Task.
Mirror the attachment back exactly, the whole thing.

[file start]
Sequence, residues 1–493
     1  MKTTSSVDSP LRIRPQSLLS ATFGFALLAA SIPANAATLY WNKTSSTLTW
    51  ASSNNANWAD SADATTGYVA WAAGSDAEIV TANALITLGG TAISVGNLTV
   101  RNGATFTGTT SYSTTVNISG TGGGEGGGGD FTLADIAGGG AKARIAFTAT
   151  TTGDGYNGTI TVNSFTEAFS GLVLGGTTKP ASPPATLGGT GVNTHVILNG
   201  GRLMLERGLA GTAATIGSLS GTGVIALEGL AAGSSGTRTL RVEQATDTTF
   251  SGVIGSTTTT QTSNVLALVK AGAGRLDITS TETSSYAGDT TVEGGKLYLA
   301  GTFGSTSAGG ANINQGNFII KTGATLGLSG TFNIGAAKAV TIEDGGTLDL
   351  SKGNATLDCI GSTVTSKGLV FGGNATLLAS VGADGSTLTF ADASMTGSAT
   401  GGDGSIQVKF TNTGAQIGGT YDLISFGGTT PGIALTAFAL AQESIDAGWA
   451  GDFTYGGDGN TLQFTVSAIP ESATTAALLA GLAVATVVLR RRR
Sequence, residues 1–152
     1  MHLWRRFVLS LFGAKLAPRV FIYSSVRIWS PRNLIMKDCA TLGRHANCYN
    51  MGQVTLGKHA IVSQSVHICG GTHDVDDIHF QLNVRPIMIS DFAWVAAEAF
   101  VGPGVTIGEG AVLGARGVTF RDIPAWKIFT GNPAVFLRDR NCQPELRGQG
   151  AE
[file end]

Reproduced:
Sequence, residues 1–493
     1  MKTTSSVDSP LRIRPQSLLS ATFGFALLAA SIPANAATLY WNKTSSTLTW
    51  ASSNNANWAD SADATTGYVA WAAGSDAEIV TANALITLGG TAISVGNLTV
   101  RNGATFTGTT SYSTTVNISG TGGGEGGGGD FTLADIAGGG AKARIAFTAT
   151  TTGDGYNGTI TVNSFTEAFS GLVLGGTTKP ASPPATLGGT GVNTHVILNG
   201  GRLMLERGLA GTAATIGSLS GTGVIALEGL AAGSSGTRTL RVEQATDTTF
   251  SGVIGSTTTT QTSNVLALVK AGAGRLDITS TETSSYAGDT TVEGGKLYLA
   301  GTFGSTSAGG ANINQGNFII KTGATLGLSG TFNIGAAKAV TIEDGGTLDL
   351  SKGNATLDCI GSTVTSKGLV FGGNATLLAS VGADGSTLTF ADASMTGSAT
   401  GGDGSIQVKF TNTGAQIGGT YDLISFGGTT PGIALTAFAL AQESIDAGWA
   451  GDFTYGGDGN TLQFTVSAIP ESATTAALLA GLAVATVVLR RRR
Sequence, residues 1–152
     1  MHLWRRFVLS LFGAKLAPRV FIYSSVRIWS PRNLIMKDCA TLGRHANCYN
    51  MGQVTLGKHA IVSQSVHICG GTHDVDDIHF QLNVRPIMIS DFAWVAAEAF
   101  VGPGVTIGEG AVLGARGVTF RDIPAWKIFT GNPAVFLRDR NCQPELRGQG
   151  AE